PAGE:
A body found in Adams County, Colorado, was confirmed to be a 19-year-old woman who vanished late last year, investigators announced Wednesday, adding that they’ve spoken to the man she claimed was “harassing” her.
Adams County Sheriff Mike McIntosh said investigators have spoken to Shawn Schwartz, a man they discovered through social media was linked to the missing woman, Natalie Bollinger. Investigators said they are “not ready to call anyone a suspect.”
The department wouldn't confirm to Fox News whether Schwartz was cleared or considered a suspect.
Schwartz confirmed in a Facebook video that he’d been contacted by the Broomfield police. He reportedly said in the comment section that he was not involved in her disappearance.
Bollinger, from Broomfield, was reported missing on Dec. 28 around 3:30 p.m, police said. Her body was found a day later in a wooded area near Riverdale Road, according to a statement from police, but it took additional time to confirm her identity.
About two weeks prior to her disappearance, the teen posted on Facebook saying she’d known Schwartz since she “was young,” but in the past few years they’d reconnected and she’d help him out. After moving to Virginia, she claimed the man “drove across country to see me” and “slept behind my work for weeks.” When she tried to end contact, she claimed he called and texted her “hundreds” of times.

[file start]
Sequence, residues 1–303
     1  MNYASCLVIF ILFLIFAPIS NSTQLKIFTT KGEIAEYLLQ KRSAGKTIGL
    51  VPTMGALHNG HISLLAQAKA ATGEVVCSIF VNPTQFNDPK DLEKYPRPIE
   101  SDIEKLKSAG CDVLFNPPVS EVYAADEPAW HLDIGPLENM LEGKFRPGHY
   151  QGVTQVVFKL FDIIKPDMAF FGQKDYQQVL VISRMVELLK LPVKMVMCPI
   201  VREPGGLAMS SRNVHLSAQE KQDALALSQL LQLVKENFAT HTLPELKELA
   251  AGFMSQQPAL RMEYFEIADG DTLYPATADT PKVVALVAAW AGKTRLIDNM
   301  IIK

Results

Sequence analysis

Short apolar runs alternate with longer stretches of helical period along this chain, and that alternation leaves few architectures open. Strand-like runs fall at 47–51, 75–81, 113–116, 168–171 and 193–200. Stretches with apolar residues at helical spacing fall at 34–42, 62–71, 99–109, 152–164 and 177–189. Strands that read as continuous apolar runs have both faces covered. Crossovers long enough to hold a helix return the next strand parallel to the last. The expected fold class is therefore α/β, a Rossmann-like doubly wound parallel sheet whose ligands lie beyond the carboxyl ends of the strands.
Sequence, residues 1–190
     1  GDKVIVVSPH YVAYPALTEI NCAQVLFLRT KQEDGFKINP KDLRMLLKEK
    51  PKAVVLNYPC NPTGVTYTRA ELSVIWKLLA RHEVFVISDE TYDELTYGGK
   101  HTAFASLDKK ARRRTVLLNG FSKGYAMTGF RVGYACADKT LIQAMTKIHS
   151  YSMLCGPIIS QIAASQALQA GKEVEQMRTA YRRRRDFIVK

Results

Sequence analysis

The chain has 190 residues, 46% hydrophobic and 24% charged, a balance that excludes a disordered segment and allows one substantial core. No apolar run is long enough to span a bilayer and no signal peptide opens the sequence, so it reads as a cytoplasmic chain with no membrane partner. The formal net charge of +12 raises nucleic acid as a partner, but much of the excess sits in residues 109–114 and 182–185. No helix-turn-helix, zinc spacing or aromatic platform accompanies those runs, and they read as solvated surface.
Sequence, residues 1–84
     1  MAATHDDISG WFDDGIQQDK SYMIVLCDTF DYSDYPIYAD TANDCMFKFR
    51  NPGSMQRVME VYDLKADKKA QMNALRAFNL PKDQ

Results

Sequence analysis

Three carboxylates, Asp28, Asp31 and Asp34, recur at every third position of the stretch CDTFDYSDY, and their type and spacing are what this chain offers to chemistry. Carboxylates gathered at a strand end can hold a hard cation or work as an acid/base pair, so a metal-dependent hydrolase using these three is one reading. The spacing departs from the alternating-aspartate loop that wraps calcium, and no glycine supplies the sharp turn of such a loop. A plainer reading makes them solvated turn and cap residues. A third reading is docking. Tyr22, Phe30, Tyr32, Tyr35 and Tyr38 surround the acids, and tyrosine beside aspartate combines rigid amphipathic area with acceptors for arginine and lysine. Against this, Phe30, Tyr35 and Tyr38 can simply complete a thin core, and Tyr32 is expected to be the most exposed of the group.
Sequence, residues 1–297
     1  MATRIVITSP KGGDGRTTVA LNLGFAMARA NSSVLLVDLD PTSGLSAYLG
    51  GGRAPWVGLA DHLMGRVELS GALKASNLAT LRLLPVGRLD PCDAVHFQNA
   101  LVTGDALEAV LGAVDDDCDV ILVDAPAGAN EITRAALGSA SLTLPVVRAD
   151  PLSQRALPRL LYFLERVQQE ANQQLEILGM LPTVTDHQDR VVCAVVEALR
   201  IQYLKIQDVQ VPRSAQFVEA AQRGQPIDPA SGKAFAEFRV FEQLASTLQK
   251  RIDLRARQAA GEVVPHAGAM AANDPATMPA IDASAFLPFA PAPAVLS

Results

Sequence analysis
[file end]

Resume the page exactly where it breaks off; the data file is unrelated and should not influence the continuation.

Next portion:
“He’s sent emails for over a year close to everyday, harassing me,” Bollinger wrote. “Making numerous account until I block him again. Threatening my family, telling me he’ll kill himself in front of me, and sending my friends and family harassing messages as well.”
McIntosh said after the body was found, the Adams County Sheriff’s Department began working with the Broomsfield Police Department in connection with Bollinger’s missing persons case.
McIntosh added that police could not yet release the exact cause of death and they do not have a motive for her killer but believe they “are headed down the right path at this point” in the investigation.
However, he added that there were still 26 hours in the timeline unaccounted for and police were seeking information from people who may have had contact with Bollinger during that time.
Bollinger's family requested privacy and asked for the community's continued support, McIntosh said.